The footpath at Empire Bluffs, which overlooks Lake Michigan
Biking past fall foliage on Old Mission Peninsula
Kayakers paddling on Grand Traverse Bay
Admiring the view of Lake Michigan from the Sleeping Bear Dunes lookout tower
Sunset over a vineyard in Leelanau Peninsula wine country
Outdoor dining in Traverse City
Enjoying the beach at Grand Traverse Bay
Sampling the goods at Left Foot Charley Urban Winery
Biking on the Vasa Singletrack Trail near Traverse City
Building 50 at the Grand Traverse Commons shopping and entertainment complex
- Major Airports:
- Traverse City (TVC)
Adventures on land and water, snow and sun
Surrounded by a glacier-carved landscape of deep freshwater lakes and rolling hills, the Traverse City area has 234 miles of continuous Lake Michigan shoreline that attracts active visitors who enjoy swimming, sailing, boating, beachcombing and kayaking. Perhaps the best example of this beauty is the Sleeping Bear Dunes National Lakeshore, a 64-mile curve of beaches, coves, islands and hills that was recently voted “Most Beautiful Place in America” by viewers of ABC’s “Good Morning America.”
Anglers can fish some of the nation’s finest trout streams, while hikers and cyclists enjoy the miles of unspoiled trails in the surrounding forests. The region is also famed as a fall color destination, and winter brings a steady stream of skiers, snowmobilers and snowshoe hikers who love to explore its woodland trails and dramatic overlooks. It’s also a popular golfing getaway, and was listed by Golf Digest as one of the world’s 50 top golf destinations.
In recent years, Traverse City has also been transformed from a rustic holiday community into a charmingly sophisticated small city whose streets, parks and public spaces harmonize with the scenery that surrounds them. It is home to most of the region’s hotels, resorts, theatres and restaurants, and its tree-shaded Victorian downtown is a shopper’s delight, full of boutiques, coffeehouses and art galleries.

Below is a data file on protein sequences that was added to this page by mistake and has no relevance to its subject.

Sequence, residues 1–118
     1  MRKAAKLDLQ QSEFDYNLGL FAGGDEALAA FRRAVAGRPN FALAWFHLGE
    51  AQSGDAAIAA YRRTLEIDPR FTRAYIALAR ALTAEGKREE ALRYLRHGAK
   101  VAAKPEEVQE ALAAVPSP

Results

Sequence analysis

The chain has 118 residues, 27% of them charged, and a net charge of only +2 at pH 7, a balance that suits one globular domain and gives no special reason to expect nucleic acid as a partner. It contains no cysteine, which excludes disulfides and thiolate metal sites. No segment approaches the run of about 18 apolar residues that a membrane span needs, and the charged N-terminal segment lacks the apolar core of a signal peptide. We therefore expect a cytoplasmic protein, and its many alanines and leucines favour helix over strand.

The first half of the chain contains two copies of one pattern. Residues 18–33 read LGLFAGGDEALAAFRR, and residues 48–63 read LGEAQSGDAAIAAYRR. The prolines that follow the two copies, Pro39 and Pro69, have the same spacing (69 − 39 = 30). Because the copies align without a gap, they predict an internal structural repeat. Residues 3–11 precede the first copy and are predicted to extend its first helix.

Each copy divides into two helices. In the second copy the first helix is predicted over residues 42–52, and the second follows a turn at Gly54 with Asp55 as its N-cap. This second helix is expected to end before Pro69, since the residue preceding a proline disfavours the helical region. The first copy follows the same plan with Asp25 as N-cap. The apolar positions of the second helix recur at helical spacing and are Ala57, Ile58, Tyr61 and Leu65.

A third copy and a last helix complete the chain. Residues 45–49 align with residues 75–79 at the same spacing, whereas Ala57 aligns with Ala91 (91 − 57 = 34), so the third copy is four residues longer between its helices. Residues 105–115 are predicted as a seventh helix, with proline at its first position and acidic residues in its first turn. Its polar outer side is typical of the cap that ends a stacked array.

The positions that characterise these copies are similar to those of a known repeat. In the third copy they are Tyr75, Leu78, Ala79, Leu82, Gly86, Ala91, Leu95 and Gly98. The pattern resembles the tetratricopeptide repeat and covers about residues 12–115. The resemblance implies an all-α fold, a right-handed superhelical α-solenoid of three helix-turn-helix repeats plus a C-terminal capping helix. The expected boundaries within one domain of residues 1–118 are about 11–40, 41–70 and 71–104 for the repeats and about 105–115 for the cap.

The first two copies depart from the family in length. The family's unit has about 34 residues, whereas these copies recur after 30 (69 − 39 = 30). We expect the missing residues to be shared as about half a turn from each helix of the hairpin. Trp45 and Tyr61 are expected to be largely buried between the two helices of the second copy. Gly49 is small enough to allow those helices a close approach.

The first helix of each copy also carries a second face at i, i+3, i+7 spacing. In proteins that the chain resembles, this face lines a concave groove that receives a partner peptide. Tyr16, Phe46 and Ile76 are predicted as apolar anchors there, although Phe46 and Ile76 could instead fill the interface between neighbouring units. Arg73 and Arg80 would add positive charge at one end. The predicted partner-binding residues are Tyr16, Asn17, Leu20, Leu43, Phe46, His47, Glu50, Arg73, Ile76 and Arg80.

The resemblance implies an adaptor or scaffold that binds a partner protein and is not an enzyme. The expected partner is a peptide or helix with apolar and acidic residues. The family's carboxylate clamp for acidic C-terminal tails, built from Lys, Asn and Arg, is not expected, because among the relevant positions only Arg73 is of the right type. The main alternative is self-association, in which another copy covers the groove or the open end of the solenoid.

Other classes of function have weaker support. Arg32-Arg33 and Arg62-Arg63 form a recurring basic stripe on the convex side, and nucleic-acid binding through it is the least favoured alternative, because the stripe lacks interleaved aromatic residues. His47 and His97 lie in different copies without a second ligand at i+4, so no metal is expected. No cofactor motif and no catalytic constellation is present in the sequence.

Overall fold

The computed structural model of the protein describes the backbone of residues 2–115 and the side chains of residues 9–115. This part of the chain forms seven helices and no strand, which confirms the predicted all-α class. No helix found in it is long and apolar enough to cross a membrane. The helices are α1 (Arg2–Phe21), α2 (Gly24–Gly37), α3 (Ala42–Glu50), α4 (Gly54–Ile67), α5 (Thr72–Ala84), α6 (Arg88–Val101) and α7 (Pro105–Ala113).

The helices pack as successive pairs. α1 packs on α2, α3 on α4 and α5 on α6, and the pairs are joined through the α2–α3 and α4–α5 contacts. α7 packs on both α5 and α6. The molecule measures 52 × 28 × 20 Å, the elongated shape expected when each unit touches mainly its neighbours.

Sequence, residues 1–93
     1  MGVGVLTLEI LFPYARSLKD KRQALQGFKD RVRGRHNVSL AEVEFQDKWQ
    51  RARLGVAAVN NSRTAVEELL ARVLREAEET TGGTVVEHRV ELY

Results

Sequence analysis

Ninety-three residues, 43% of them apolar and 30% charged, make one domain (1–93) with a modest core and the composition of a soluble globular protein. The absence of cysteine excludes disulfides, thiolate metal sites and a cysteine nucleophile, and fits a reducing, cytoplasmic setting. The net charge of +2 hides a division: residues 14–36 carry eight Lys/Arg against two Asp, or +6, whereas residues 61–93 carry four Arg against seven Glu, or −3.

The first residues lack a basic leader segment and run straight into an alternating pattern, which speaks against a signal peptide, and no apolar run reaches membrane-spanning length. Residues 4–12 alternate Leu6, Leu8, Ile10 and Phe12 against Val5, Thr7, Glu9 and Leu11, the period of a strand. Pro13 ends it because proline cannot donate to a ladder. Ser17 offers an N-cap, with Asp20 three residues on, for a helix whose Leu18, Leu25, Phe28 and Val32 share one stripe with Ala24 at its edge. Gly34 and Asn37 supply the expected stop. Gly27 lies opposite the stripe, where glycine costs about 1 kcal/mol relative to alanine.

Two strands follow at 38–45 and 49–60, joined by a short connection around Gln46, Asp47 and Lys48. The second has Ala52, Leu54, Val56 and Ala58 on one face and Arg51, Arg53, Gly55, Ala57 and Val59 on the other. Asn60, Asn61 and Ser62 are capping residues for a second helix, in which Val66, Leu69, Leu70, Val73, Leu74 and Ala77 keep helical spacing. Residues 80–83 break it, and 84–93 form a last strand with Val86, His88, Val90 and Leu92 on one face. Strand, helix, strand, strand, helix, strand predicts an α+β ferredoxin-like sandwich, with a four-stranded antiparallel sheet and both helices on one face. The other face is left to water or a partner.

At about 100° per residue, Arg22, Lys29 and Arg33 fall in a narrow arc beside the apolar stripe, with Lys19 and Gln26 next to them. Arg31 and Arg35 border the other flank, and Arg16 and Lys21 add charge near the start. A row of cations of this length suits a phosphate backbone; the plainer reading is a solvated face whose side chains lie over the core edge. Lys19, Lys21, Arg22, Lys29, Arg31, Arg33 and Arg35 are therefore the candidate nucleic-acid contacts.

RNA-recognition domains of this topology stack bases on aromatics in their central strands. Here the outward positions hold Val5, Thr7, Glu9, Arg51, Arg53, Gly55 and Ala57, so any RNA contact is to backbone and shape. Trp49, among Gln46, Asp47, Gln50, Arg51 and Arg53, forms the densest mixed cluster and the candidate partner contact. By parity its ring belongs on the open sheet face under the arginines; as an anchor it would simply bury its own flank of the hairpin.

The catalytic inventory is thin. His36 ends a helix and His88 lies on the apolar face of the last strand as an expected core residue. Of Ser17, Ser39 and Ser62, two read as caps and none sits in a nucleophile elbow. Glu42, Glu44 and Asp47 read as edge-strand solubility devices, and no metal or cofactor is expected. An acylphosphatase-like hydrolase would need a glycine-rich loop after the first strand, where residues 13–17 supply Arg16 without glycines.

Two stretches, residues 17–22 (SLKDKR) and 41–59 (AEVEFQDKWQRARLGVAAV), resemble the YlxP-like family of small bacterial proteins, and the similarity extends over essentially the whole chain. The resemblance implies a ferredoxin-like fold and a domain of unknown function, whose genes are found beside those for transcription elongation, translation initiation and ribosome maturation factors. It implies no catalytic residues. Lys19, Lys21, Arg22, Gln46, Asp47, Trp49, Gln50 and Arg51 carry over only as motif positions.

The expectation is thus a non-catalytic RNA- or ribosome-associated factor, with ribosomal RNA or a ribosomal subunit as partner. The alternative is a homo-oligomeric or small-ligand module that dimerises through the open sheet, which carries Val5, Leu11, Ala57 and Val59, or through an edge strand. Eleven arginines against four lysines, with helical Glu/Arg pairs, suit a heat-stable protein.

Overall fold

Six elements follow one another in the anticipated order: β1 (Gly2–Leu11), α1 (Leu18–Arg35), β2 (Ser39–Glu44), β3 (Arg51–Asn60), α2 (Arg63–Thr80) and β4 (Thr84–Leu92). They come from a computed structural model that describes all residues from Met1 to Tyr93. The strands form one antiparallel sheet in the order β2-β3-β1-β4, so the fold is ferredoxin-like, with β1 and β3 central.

Shoppers are also drawn to the fascinating Grand Traverse Commons, a 130-year-old former mental asylum that has been converted into a village of shops, restaurants and studios, while nearby villages like Suttons Bay, Bellaire, Leland, Old Mission and Glen Arbor are filled with hidden byways and quaint shops of their own.
Thanks to a new generation of talented chefs, Traverse City is also becoming famous for its regional cuisine, based on fresh local ingredients from the surrounding woods, waters and farms. In 2011, Bon Appetit named it one of America’s “Five Top Foodie Towns,” and top chef Mario Batali calls it “a modern gastro-paradise.”
Best known as a fruit-growing region (it is the country’s leading producer of tart cherries), Traverse City has now established an international reputation as a wine and craft brewing destination. The nearby Leelanau and Old Mission peninsulas are dotted with almost 40 vineyards and wineries, and the area boasts 13 microbreweries and three microdistilleries.
With a large population of artists, craftsmen and musicians, the community has a surprisingly rich cultural life, and has dozens of galleries, studios and museums, and a wealth of performing talent. The world-renowned Interlochen Center for the Arts is nearby, and its nightlife is surprisingly vibrant.
Traverse City is an easy, pleasant drive from Chicago and Detroit, and its charming Cherry Capital Airport has scheduled service to over 300 domestic and international destinations through Detroit, Chicago and Minneapolis.
In 2010, viewers of the TV show “Good Morning America” voted Sleeping Bear Dunes National Lakeshore the “Most Beautiful Place in America.”
The Grand Traverse Region is the world’s largest producer of tart cherries – the kind used in pies. They're grown here on more than 3 million trees in commercial orchards.
With nearly 40 vineyards and wineries, the slopes of the Old Mission and Leelanau peninsulas have become the heartland of an increasingly famous wine-producing region.